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RELEASED: 2015 Best Business Schools for Public Institutional Investors

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Best Business Schools MBA

Brief Summary

Since our last issue, SWFI has engaged in an ambitious research project developing a rankings table specifically geared toward the top business schools for public investors. The inspiration for the project came from our fund profiles. What we noticed was, along with the top accustomed schools, several prominent executives came from smaller universities, or schools with unfamiliar names. This piqued our curiosity about who was really managing these funds, and where they were educated. There are countless rankings lists that sort schools by the number of programs they have or their cost to attend, but there has never been a ranking that incorporated the number of graduates that went on to manage public money.


Although other lists are a good start to give a graduate an idea about where to study, we wanted to focus on outcomes – ostensibly the most important factor in determining whether to attend a business school. Thus, although we too considered factors such as acceptance rate, and student-faculty ratio, a much heavier weighting was placed on the number of graduates that appeared at the highest levels of sovereign wealth funds, public pensions, endowments, central banks and other public funds.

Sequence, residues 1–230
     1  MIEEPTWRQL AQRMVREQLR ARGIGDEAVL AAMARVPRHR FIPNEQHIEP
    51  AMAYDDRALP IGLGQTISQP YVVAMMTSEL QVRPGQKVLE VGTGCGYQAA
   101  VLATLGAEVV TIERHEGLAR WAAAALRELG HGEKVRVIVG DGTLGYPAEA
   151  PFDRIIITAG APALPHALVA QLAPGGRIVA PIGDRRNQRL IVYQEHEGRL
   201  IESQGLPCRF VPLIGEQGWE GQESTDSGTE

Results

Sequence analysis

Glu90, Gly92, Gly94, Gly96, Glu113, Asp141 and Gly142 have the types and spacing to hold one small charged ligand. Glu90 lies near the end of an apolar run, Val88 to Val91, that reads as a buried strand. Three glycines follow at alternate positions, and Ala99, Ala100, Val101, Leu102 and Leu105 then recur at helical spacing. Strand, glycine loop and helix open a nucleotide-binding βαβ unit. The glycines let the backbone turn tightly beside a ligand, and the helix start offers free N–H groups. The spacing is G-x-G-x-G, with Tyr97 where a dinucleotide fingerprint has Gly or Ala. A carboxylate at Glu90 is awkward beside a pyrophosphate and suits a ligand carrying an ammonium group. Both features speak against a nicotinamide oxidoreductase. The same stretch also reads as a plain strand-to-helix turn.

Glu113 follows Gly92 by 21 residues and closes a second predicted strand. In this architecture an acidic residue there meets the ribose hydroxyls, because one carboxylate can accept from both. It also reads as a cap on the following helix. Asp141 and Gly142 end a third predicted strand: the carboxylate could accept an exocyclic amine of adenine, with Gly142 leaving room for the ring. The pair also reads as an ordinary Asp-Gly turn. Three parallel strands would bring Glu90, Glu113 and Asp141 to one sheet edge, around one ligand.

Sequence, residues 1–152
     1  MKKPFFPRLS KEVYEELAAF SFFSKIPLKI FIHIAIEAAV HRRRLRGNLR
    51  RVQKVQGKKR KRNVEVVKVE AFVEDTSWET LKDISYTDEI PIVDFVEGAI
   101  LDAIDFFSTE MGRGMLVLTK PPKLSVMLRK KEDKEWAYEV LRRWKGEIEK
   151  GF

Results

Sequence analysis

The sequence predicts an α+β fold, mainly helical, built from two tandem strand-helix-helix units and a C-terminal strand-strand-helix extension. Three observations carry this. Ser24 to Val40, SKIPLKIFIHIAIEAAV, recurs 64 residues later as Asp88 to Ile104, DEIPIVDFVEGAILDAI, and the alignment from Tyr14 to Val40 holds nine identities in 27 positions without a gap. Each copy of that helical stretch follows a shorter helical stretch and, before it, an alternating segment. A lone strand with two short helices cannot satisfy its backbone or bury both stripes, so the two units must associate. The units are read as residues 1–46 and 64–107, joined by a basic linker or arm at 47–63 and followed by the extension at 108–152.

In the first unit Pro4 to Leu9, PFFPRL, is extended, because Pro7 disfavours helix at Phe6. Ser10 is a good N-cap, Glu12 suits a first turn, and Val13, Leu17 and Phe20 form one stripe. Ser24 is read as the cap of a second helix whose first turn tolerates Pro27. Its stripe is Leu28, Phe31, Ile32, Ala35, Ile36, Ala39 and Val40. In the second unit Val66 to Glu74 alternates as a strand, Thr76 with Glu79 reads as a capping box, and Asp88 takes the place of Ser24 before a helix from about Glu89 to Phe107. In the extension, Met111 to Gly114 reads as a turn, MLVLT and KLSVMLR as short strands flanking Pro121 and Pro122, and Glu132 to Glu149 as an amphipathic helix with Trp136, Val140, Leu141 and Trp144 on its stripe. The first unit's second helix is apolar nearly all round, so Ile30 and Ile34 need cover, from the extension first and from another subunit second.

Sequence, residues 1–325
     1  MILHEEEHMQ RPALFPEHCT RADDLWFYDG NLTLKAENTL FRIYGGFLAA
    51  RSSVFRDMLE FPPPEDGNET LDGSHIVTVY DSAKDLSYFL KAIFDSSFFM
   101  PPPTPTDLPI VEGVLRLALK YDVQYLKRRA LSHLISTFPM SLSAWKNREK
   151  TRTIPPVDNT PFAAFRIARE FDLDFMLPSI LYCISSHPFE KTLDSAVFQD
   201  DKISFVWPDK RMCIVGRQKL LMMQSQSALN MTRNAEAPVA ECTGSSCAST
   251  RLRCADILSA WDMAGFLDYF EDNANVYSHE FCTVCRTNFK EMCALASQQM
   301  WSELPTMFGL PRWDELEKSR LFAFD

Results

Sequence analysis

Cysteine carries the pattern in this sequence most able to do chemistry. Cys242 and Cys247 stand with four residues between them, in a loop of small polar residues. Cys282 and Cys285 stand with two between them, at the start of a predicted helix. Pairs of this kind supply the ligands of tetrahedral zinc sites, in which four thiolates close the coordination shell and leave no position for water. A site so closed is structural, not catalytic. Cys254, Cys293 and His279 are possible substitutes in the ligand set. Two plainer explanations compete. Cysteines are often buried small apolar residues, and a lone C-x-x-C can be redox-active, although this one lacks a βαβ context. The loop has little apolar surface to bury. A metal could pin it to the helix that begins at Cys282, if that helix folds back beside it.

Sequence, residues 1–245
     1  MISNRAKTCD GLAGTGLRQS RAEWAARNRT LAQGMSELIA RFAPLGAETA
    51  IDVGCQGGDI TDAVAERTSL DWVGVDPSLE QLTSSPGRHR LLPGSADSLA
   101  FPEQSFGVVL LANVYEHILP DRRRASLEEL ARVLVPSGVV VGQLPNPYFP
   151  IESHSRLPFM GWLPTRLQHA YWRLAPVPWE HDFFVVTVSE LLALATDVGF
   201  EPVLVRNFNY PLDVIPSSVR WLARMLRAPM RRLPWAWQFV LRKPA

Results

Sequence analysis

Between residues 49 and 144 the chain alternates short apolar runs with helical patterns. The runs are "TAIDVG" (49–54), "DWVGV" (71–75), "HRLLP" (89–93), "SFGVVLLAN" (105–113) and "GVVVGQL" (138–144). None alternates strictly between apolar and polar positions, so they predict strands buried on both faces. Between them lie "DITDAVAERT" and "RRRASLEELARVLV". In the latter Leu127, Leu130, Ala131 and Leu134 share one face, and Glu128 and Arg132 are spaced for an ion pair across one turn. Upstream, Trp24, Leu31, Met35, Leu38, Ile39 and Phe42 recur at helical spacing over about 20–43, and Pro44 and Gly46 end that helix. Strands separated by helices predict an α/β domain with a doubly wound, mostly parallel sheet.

For a career in public finance, the following schools are the top 30 in the world…

Rank Name Graduate School Name
1 Stanford University Stanford Graduate School of Business
2 Harvard University Harvard Business School
3 University of Pennsylvania Wharton School of Business
4 The University of Chicago Booth School of Business
5 Columbia University Columbia Business School
6 University of Texas at Austin McCombs School of Business
7 Yale University Yale School Of Management
8 University of London London School of Economics
9 McGill University Desautels Faculty of Management
10 Massachusetts Institute of Technology Sloan School of Management
11 Stockholm School of Economics* Stockholm School of Economics
12 University of London London Business School
13 Norwegian School of Economics Norwegian School of Economics
14 Western University (Ontario) Ivey Business School
15 Northwestern University Kellogg School of Management
16 New York University Stern School of Business
17 York University Schulich School Of Business
18 Duke University Fuqua School of Business
19 Cornell University Johnson Graduate School of Management
20 UCLA Anderson School Of Management
21 City University of London Cass Business School
22 Boston University Boston University School of Management
23 University of Maryland Robert H. Smith School of Business
24 University of Toronto Rotman School of Management
25 Universita Bocconi SDA Boccini School of Management
26 American University Kogod School of Business
27 University of Missouri Robert J. Trulaske, Sr. College of Business
28 Georgetown University McDonough School of Business
29 Aalto University Helsinki School of Economics
30 Louisiana State University E.J. Ourso College of Business

 

Methodology